In January 2004, two young men walked into the first gun shop Chris owned, on Main Street in New Haven, and asked to buy a box of ammunition. Chris was turning around to get it when he felt what he thought was the customer playing with his hair. (Only in hindsight did he realize that it was the barrel of a gun pressed into his scalp.) What are you doing, he asked. Before he got an answer, the second man—who Chris would later find out was a former football star at Hillhouse High School—tackled him and threw him to the ground. The football player pulled Chris’ gun from his holster and jabbed it repeatedly into his buttock, yelling, "Stop moving, stop fucking moving, stop moving.”
A million thoughts flashed through Chris’s mind. He would turn fifty in June. His college-age daughter was about to spend the semester in Italy. He was convinced that the football player and his accomplice planned to shoot him and that he would see neither of those things happen. Absurdly, he remembered a common saying from old movies: If you see their face, they’re going to kill you. And he had seen the faces of those two young men. They didn’t even bother to wear masks.
Chris always tells his students to keep their finger off the trigger until they are ready to fire. He was certain the football player did not observe this wisdom. These men were not practicing safe gun handling. This was an old Western stickup. Fortunately, the safety on his gun was on. If not, it could have gone off while the football player was shoving the muzzle into Chris’s backside. The safety was likely his saving grace. The men emptied out Chris’s gun cabinets and showcases, taking 27 guns, and then left. Chris leapt up from where the football player had pinned him to the floor and ran next door to call the police.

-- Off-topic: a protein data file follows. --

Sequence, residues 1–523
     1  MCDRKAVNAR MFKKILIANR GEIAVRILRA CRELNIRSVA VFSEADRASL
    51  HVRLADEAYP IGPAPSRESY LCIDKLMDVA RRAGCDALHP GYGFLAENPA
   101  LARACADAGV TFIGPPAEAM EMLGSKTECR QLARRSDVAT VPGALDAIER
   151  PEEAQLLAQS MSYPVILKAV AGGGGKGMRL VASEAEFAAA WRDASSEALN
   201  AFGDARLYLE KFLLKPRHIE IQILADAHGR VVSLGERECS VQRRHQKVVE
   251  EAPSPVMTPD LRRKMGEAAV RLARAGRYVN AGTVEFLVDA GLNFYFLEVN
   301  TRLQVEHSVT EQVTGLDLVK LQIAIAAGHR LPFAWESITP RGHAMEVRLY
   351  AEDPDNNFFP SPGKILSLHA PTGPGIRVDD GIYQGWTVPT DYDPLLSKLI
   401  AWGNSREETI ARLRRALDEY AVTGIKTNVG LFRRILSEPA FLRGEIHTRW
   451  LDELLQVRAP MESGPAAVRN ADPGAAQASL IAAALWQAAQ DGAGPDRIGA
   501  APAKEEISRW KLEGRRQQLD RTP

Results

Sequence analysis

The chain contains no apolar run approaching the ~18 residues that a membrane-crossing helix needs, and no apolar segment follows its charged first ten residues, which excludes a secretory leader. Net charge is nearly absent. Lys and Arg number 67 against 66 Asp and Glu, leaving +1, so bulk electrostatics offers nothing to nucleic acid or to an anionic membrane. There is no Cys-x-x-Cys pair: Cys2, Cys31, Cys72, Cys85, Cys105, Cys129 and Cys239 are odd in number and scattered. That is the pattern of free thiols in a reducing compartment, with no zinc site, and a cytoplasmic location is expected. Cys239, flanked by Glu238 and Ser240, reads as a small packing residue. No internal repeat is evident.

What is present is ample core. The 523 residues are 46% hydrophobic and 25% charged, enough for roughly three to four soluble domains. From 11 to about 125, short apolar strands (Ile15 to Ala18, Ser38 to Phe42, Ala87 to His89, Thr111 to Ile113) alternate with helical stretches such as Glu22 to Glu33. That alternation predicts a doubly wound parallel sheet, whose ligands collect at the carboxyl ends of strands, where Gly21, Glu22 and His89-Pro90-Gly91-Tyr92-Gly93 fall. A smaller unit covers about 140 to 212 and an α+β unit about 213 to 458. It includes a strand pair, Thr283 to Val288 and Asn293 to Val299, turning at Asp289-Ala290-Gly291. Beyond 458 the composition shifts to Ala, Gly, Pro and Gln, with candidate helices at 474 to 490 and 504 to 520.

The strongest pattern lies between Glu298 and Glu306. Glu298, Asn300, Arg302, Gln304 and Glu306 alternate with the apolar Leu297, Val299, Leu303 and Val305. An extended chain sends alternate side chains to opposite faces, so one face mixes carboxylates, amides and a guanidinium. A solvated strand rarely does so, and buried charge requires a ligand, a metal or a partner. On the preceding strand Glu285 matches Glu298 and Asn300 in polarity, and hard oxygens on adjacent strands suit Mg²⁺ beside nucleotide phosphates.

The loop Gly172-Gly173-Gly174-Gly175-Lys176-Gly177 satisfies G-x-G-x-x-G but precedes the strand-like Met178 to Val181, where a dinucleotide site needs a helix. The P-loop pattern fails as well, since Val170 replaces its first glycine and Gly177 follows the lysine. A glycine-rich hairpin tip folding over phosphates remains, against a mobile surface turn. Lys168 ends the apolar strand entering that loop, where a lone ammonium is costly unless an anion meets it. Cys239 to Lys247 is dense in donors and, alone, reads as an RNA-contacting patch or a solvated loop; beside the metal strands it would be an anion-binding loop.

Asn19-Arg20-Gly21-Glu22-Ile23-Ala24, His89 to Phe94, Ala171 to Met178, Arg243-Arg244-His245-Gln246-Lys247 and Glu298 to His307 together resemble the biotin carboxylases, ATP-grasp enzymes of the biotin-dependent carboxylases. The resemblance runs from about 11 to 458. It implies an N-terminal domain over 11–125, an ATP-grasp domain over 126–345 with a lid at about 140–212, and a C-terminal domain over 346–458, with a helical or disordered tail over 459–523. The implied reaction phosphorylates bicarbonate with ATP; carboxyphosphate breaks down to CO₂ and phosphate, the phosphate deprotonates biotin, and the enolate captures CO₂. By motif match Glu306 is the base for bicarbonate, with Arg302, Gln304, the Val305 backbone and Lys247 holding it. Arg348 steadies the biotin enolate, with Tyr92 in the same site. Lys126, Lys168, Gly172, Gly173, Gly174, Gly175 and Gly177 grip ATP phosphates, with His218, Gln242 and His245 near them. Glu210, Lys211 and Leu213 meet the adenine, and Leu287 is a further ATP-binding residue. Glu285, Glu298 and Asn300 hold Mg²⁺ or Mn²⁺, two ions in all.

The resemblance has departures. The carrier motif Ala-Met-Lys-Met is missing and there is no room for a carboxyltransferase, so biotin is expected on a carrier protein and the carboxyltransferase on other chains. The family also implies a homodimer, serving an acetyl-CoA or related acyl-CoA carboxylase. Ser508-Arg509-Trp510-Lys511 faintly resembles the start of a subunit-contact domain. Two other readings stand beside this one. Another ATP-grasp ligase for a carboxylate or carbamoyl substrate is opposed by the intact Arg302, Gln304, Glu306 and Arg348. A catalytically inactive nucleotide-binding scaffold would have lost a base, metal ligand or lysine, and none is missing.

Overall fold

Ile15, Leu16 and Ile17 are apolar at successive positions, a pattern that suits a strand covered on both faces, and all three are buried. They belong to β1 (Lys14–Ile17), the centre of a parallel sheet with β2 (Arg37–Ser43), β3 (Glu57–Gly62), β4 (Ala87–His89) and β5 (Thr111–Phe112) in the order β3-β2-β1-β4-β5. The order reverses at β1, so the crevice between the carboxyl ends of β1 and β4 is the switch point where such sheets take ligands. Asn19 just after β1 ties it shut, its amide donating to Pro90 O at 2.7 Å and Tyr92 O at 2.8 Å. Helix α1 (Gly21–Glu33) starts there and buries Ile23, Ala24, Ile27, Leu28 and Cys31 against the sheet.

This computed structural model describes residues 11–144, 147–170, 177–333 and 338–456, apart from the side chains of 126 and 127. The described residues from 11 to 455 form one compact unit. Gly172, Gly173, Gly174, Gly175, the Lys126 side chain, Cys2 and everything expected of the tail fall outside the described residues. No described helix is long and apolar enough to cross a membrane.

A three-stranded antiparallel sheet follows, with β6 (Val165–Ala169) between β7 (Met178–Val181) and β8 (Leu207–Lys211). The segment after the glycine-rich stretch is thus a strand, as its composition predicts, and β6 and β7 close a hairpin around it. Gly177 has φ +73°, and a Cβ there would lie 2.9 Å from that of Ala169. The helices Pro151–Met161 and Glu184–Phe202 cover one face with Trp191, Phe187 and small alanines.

He recounts this story in much the same way as he showed me how to safely load and unload a gun: briskly and without emotion. Chris is a straight talker. His voice never wavers as he tells me about the day he almost died. He stares mortality in the eye with the same unblinking attention that he stares down a target, like a Western hero at a shootout.
His wife was a wreck when she found out that Chris was robbed at gunpoint. But Chris went into work the very next day. “Well, I had to finish the inventory. I had reports that I got to do because of this,” he says. “There's something wrong with me, I guess. It didn't really affect me.”
My father was almost killed by a gun, too. It happened while he was serving out his two-year mandatory conscription term in the Singaporean military. He was an army officer, with all the bravado of a 20-year-old who had several inches on his peers and an excellent rifle arm. He was overseeing shooting practice with reservists when a fool of a trainee, who didn’t have his gun’s safety on, dropped the rifle on its butt. It hit the ground and fired. The bullet ricocheted right past my father’s head and pierced the roof of the command shelter. One step in the wrong direction and I would never have existed.
But if my father were not an army officer, if he were not a national shooter, if he were a seven-year-old child or a schoolteacher in Singapore, he’d never have feared being almost killed by a gun. Singaporeans don’t have the freedom to own and keep guns, but they have the freedom to send their children to school knowing that they will not be shot.
“If people can pass a law to stop this stuff from happening, I’d be in favor of it. But I don’t want my rights violated because someone else went nuts,” Chris says. “In America we have that freedom—we're allowed to own guns, have them in a house. They can be used for self-protection and sport. We have different freedoms from other countries and this was always one of our freedoms.”
I walk out of Chris’s gun shop, past racks of pistols and rifles and revolvers proudly displayed for almost anyone to take home, and find myself questioning what true freedom really is. As I emerge from the basement store, the blazing autumn sky and birds passing soundlessly overhead flood back into view and the concept of “tunnel vision” comes to mind. When a marksman has tunnel vision, they become so fixated on the perceived threat that they are unable to see objects moving in their periphery — innocent bystanders could stumble into the line of fire and they wouldn’t even realize it. A marksman with tunnel vision sees the one masked gunman, but not the 393 million civilian-owned guns in the US that threaten the safety of children, teachers, and civilians.
I think of a man taking aim, his field of vision narrowing to a single crimson bullseye. In the vast majority of states, he is free to walk into a supermarket with his gun sticking out from his jeans, to fast draw, to give his son a shotgun for his eighteenth birthday. But he doesn’t see the freedom that lies in being able to do none of that at all.